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The 640 acre JL Hunting Ranch in Foard County, Texas, is located off of Ranch-to-Market Road 1919, between the towns of Crowell and Seymour. The land itself does not have public road frontage, but is accessed by an easement through the neighbor, so the ranch itself is very private and protected. It is wedged in between a 3,000 acre cattle ranch and the 510,000 acre Waggoner Ranch, which joins the JL on both its east and south sides. A deer camp is already set up with electricity and water; with three food plots, five water tanks, and thick cover throughout, this is one amazing hunting ranch!
With such big neighbors and minimal hunting pressure, you can grow some monsters bucks here! The owners have been running corn and protein feeders for several years and selectively culling, so the JL is seeing some very nice trophies. Three food plots are in place, measuring 8.9, 2.9, and 6.8 acres in size; the owner has been sewing them in winter wheat for the deer. All of the food plots are fenced off separately, so you can keep cattle out of them when you want. After the hunting season, they work well for supplemental winter grazing for livestock. You should not have any trouble bagging a 140-150 class buck here, with 170+ definitely possible.
In addition to whitetail deer, the JL also has solid numbers of feral hog, javelina, turkey, bobcats, coyote, Bobwhite quail, and resident dove. During our photo shoot, I jumped quail coveys on two different sides of the ranch, saw dove everywhere, ducks, cranes, and (my estimate) a 300 lb. sow soaking in a creek slough! One of the biggest pigs I've seen in a while. The three largest water tanks (details below) are fairly shallow and create an excellent marsh habitat for waterfowl hunting!
The JL has water scattered all around it. It has five water tanks, all of them large in size, providing over eleven acres of total surface water across the ranch. The ranch has three tributaries of the South Fork of Beaver Creek running across it, and different tanks were built off of different drainages, so whether it rains to the north, west or south of the ranch, water will eventually be held on the property.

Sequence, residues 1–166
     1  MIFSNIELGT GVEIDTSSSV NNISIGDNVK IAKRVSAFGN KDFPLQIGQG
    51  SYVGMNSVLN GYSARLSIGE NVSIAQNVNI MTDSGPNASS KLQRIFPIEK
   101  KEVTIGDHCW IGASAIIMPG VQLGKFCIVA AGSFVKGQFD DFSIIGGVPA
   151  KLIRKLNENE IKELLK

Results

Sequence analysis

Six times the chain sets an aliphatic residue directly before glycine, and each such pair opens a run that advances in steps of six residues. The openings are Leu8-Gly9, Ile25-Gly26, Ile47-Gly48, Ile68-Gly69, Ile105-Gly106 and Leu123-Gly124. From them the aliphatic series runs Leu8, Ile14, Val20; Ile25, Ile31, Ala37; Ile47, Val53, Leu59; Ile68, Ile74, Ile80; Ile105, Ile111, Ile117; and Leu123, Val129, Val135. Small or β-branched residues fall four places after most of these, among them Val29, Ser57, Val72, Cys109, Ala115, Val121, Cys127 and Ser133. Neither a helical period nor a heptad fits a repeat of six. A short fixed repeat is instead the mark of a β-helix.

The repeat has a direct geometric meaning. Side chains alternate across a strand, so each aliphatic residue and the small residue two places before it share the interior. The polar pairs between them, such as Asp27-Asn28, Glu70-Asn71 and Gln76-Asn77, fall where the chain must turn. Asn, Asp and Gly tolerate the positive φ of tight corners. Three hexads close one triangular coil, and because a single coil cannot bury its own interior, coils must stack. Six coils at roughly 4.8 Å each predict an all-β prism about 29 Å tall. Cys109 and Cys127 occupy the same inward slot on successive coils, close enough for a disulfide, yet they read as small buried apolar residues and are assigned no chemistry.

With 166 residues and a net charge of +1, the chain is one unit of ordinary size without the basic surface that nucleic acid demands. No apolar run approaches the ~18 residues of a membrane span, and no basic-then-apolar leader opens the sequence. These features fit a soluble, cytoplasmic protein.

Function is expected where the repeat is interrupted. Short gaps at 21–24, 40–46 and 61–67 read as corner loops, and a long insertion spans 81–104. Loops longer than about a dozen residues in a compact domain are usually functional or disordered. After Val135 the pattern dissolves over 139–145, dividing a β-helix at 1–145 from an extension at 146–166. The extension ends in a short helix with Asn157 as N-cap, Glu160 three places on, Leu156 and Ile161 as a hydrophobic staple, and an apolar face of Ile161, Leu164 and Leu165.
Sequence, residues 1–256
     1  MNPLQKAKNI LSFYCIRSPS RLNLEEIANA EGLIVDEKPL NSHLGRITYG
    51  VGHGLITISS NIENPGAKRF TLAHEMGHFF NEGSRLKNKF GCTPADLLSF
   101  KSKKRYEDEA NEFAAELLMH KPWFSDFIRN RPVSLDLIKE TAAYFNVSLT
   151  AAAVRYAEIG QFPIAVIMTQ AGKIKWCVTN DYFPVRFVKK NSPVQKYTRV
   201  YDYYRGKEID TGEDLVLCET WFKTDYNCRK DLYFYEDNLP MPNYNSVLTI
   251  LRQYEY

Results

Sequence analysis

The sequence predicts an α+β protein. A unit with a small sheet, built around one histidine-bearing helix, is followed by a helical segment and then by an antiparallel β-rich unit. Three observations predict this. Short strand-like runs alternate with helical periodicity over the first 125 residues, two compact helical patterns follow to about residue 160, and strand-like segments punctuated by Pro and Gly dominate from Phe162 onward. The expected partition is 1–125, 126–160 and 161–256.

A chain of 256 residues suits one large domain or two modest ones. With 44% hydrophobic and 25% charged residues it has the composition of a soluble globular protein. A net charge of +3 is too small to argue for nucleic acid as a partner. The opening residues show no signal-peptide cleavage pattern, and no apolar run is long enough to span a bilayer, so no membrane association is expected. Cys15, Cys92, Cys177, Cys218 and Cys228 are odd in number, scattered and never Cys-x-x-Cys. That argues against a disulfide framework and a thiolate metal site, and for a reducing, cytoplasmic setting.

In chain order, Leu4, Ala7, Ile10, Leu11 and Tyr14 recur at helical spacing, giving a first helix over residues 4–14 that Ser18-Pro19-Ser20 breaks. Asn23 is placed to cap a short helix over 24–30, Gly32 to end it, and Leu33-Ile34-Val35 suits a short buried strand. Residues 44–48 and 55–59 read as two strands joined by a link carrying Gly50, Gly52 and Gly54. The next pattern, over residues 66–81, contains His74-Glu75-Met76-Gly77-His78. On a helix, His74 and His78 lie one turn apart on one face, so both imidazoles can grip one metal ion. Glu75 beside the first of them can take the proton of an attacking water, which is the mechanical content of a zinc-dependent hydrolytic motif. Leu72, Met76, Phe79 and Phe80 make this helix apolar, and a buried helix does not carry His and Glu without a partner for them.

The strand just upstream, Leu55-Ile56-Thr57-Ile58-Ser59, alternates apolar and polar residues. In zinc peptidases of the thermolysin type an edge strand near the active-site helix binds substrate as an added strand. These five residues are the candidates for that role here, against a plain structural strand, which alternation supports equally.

The three largest tanks are all located in a row on the south side. These basins vary in size, with the largest being about five acres. Because they are shallow tanks, it doesn't take a lot of rain to fill them up. In the wintertime, it is common to see thousands of ducks and geese sitting down here.
The ranch has solid mesquite cover across it, with tall hardwood trees lining the creeks. Years ago, some of the land was opened up by grubbing selective parts of the pastures to promote grass growth and facilitate wildlife traffic. These cleared lanes help channel deer to the food plots.
The terrain is primarily flat and is well drained. The ranch is divided into two grazing pastures, and the grasses are in good shape. The neighbor to the north seasonally runs cattle on the property, rotating across his and the JL pastures; in lieu of a normal cash lease, the tenant sews and maintains the three food plots, plus drags the roads when the need it. This is an asset because it keeps an ag exemption in place for the taxes and relieves the owner of the hassle of maintaining his own food plots. You can just show up and hunt! This agreement has been in place for ten years and can be assumed at closing.
Located on the far east side is a deer camp, with two camping trainers (Jay Flight and Sprinter models) and a 40' x 40' metal insulated barn. The barn has a concrete floor and electricity (outlets, lights, etc.), and could easily be converted into a lodge, with some interior walls and finishing. A septic tank is already in place here, and a water well too with a 500 gallon holding tank is too.
Most of the fencing is in very good shape on the ranch, with barbed wire and metal t-posts; the east side joining the Waggoner Ranch is an older fence and loose. All of the gates are metal, with the exception of two of the food plots that have wire gates.
$1275/acre (reduced from $1325/acre)
For more information, contact agent Ben Belew at cell phone (940) 357-9940.
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